According to a press release from the New York state district attorney’s office, Jasmine Clifford, 31, a self-described entrepreneur from Lyndhurst, New Jersey, is accused of selling approximately 250 fake COVID-19 vaccination cards on Instagram, charging $200 per card. She’s also charged with falsely entering at least 10 people into New York state’s vaccine database for an additional $250, data which was transferred to New York state’s official Excelsior pass system.
Clifford, who also went by the handle @5starjazziiii and had more than 300,000 followers, is facing charges of criminal possession of a forged instrument in the second degree, offering a false instrument for filing in the first degree, and conspiracy in the fifth degree. An alleged co-conspirator Nadayza Barkley, 27, is facing similar charges, allegedly for using her position as a medical clinic worker in Patchogue, New York to enter names into the New York State vaccine database.
According to a video by TikToker @tizzyent, who exposed Clifford last week, Clifford was notorious for spreading anti-vaccine sentiment on her multiple accounts. “DM for religious exemption letters,” said the bio of one of her accounts. Posing as a Walgreen’s employee, @tizzyent approached Clifford, who allegedly explained that she had hired a woman in New York state to fraudulently enter people into New York’s vaccine system; and that this woman was making $10,000 per week. According to a comment posted by Clifford, she believed that mandatory vaccinations were part of the “LGBTQ agenda.”
In addition to Clifford and Barkley, thirteen other people who have not been publicly identified by the district attorney’s office have also been charged with criminal possession of a forged instrument for buying the cards. Horrifyingly, most of these people are believed to be frontline workers, such as hospital or nursing home employees. Earlier this month, then-Governor Cuomo issued a mandate requiring all New York state health care workers to be vaccinated against COVID-19 by the end of September.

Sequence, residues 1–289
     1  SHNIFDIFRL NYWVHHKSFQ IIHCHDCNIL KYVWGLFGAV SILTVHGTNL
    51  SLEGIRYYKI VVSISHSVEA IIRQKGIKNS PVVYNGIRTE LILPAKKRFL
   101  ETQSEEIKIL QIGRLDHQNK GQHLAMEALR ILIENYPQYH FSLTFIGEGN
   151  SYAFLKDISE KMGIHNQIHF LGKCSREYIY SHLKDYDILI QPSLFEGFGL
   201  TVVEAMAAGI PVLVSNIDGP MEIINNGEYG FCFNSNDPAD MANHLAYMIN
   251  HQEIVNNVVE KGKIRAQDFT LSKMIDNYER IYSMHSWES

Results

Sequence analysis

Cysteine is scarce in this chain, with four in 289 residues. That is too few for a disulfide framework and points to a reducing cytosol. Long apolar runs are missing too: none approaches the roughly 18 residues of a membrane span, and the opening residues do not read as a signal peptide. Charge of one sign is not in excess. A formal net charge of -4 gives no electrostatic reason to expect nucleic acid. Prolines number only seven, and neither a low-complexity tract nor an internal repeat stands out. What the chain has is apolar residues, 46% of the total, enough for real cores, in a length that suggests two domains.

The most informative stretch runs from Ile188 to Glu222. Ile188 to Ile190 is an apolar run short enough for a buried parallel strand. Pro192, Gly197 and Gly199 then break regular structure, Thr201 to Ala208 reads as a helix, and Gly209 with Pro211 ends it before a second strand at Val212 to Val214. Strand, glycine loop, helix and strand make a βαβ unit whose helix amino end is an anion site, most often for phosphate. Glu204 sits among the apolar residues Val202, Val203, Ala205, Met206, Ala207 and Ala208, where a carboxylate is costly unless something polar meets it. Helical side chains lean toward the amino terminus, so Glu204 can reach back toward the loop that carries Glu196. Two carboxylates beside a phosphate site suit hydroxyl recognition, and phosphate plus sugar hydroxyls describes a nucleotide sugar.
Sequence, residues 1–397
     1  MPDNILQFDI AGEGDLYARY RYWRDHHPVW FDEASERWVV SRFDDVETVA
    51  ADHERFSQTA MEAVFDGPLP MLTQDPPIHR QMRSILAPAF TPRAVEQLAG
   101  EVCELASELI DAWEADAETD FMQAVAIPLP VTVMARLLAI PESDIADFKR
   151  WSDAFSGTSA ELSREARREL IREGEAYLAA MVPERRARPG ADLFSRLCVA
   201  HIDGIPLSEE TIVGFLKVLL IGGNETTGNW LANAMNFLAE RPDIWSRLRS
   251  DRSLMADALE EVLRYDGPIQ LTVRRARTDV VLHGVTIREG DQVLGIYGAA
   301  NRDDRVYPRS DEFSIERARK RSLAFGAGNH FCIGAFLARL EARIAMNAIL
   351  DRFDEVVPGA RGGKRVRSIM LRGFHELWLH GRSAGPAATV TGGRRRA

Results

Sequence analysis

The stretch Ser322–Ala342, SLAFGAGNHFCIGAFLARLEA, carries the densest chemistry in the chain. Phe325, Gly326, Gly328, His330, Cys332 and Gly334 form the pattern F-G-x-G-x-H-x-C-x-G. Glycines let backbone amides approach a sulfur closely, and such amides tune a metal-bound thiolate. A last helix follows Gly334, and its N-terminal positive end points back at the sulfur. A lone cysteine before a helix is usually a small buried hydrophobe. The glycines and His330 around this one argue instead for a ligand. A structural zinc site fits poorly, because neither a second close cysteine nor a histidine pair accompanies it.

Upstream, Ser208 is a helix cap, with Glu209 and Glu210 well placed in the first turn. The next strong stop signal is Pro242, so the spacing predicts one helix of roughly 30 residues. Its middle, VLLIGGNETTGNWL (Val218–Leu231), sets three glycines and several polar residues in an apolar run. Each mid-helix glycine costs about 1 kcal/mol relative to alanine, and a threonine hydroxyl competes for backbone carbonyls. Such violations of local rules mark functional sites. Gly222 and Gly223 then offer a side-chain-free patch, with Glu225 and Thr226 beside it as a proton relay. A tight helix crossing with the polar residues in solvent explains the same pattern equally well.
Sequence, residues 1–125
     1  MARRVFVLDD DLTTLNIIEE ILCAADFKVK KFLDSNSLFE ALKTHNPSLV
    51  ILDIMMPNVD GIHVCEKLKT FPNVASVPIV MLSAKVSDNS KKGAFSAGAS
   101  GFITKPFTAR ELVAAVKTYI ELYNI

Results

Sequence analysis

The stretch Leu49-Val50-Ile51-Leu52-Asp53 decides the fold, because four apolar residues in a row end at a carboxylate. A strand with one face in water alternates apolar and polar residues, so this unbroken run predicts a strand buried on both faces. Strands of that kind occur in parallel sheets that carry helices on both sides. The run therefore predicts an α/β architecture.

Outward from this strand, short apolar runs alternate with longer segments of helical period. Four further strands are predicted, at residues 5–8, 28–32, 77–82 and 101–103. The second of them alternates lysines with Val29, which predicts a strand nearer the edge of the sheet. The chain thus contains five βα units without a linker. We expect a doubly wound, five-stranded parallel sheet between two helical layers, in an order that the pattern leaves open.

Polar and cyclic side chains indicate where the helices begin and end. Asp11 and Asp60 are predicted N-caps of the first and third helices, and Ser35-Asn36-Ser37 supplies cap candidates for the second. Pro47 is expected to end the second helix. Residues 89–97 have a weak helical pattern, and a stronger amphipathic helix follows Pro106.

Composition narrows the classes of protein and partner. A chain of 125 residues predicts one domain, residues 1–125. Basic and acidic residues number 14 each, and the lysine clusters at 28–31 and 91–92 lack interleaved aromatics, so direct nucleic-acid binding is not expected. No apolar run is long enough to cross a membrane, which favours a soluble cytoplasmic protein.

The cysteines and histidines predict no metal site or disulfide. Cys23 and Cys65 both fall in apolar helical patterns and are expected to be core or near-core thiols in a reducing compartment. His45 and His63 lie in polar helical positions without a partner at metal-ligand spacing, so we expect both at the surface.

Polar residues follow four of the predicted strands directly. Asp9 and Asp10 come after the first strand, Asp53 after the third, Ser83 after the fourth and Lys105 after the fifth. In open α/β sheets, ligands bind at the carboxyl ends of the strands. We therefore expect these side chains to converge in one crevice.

It’s unclear how the ring managed to survive for so long on Instagram, a platform that has ostensibly been cracking down on anti-vaccine sentiment. In a statement, Manhattan District Attorney Cyrus Vance, Jr. appeared to squarely take aim at Facebook, which owns Instagram. “We will continue to safeguard public health in New York with proactive investigations like these, but the stakes are too high to tackle fake vaccination cards with whack-a-mole prosecutions,” said District Attorney Vance. “We need companies like Facebook to take action to prevent the fraud happening on their platforms.”
In a statement, a spokesperson for Facebook said, ““We prohibit anyone from buying or selling fake – or even genuine – COVID-19 vaccine cards. We removed Ms. Clifford’s account at the beginning of August for breaking our rules, and we will review any other accounts that might be doing the same thing. We appreciate the DA’s work on this matter and will remove this content whenever we find it.” The spokesperson did not clarify which of Clifford’s accounts had been removed.